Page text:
British Airways Owner Calls For Digital Health Passports To Revive Air Travel After Posting Record $9 Billion Loss

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Topline

After posting a huge loss in 2020, IAG has called on European governments to issue digital health passports (which offer proof of Covid vaccinations) to resurrect air travel ahead of the crucial summer season.

Key Facts

International Airlines Group (IAG), parent of British Airways and Aer Lingus, incurred a record operating loss of €7.43 billion ($9 billion) in 2020 as the Covid pandemic forced it to only operate one-third of its normal flights.

IAG said revenues plunged by 69% from €25.5 billion ($30.9 billion) in 2019 to €7.8 billion ($9.5 billion) last year.

For the January-March 2021 period, IAG said it expects to fly only about 20% of 2019’s capacity for the same period.

IAG declined to provide a profit guidance for 2021 due to the ongoing uncertainties surrounding the pandemic.

With continuing strict travel restrictions across much of Europe due to the pandemic, airlines are bracing for more losses in its crucial summer season.

But having secured new funding, IAG said it had €10.3 billion euros ($12.5 billion) of liquidity to survive the ongoing crisis.

Key Background

Earlier this week, UK Prime Minister Boris Johnson announced plans to gradually ease a national lockdown, raising hopes that air travel will partially return by mid-May, which lead to a flurry of bookings by Britons. While most airlines and travel operators welcomed Johnson’s plans to relax the lockdown, IAG chief executive Luis Gallego warned that air carriers would need to use “digital health passes” (which would provide proof that travelers have been vaccinated), rather than the current paper checks, to restore some normalcy to air travel. “We’re calling for international common testing standards and the introduction of digital health passes to reopen our skies safely,” said Gallego. “Health passes are going to be the key to restart… aviation and travel,” Gallego added. The International Air Transport Association (IATA) has urged the European Union to support a common digital European vaccination certificate. While the U.S., U.K. and European Union are considering digital health passports, they have raised alarms from some physicians who worry vaccinations might not guarantee a halt to the spread of the virus, while human rights groups – including UK-based organization Liberty — have raised civil liberties issues. British Airways, which plans to cut some 12,000 jobs – about 30% of its workforce – has been particularly hard hit by the virtual collapse of trans-Atlantic travel.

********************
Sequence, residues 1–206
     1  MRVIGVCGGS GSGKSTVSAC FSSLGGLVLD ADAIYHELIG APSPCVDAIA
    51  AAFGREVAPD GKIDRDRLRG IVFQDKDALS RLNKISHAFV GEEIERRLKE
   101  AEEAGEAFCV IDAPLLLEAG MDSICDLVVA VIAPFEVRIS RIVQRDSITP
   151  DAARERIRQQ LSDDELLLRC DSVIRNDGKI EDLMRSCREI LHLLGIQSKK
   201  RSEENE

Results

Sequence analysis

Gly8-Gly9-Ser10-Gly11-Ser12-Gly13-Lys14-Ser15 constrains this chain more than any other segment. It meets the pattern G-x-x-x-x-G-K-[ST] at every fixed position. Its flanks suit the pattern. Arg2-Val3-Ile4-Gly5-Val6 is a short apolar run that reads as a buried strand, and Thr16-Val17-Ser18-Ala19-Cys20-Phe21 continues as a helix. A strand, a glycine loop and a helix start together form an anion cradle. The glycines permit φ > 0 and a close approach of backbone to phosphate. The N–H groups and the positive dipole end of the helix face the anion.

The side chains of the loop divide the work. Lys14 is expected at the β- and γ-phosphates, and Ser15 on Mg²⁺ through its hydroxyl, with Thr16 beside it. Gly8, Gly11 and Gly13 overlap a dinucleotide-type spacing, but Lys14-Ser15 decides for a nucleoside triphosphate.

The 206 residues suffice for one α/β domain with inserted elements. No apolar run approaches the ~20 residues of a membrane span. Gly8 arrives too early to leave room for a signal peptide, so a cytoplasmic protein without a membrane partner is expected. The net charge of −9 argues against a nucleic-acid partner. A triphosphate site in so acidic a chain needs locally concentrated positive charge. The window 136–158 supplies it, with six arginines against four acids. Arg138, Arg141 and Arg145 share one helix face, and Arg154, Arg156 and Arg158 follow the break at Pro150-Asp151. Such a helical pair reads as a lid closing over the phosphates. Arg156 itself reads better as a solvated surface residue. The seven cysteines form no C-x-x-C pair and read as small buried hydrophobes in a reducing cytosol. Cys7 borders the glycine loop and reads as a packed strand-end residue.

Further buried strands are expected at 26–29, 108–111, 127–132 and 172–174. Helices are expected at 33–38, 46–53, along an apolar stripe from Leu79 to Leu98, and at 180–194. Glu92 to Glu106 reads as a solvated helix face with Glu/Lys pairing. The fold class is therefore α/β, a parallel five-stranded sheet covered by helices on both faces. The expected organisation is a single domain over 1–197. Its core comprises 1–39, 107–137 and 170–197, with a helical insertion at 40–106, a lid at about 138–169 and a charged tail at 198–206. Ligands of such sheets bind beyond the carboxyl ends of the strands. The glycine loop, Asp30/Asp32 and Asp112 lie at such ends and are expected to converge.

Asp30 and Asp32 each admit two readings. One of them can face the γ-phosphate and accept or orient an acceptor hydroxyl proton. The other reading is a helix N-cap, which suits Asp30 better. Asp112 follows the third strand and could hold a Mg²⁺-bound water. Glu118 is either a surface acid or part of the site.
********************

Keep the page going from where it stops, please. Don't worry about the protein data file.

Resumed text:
Crucial Quote

“There’s no getting around just how ugly IAG’s final results are,” said Laura Hoy, equity analyst at Hargreaves Lansdown, London. “With the coronavirus crisis clearing the skies for over a year, it’s not unexpected to see IAG operating as just a shell of its former self. Management has responded in the only possible way — by securing new funding and slashing costs — but ultimately the group is at the mercy of the government’s travel restrictions.”

Crucial Quote

“A question mark still hangs over when it will be practical for British nationals to take foreign holidays again,” said Jack Winchester, analyst at Third Bridge Ltd., London. “This is holding back a dam of pent up demand, and IAG will be desperate to see that unleashed.”

Tangent

IATA warned earlier this week that the global airline industry is expected to remain “cash negative throughout 2021” and are not expected to be “cash positive” until 2022. IATA estimates that airlines will burn through $75 billion to $95 billion of cash this year (up from its previous $48 billion estimate).

Further Reading

British Airways Needs To Revitalize Its Brand (Forbes)

COVID-19 Cash Burn Continues – Urgent Preparations for Restart (IATA)

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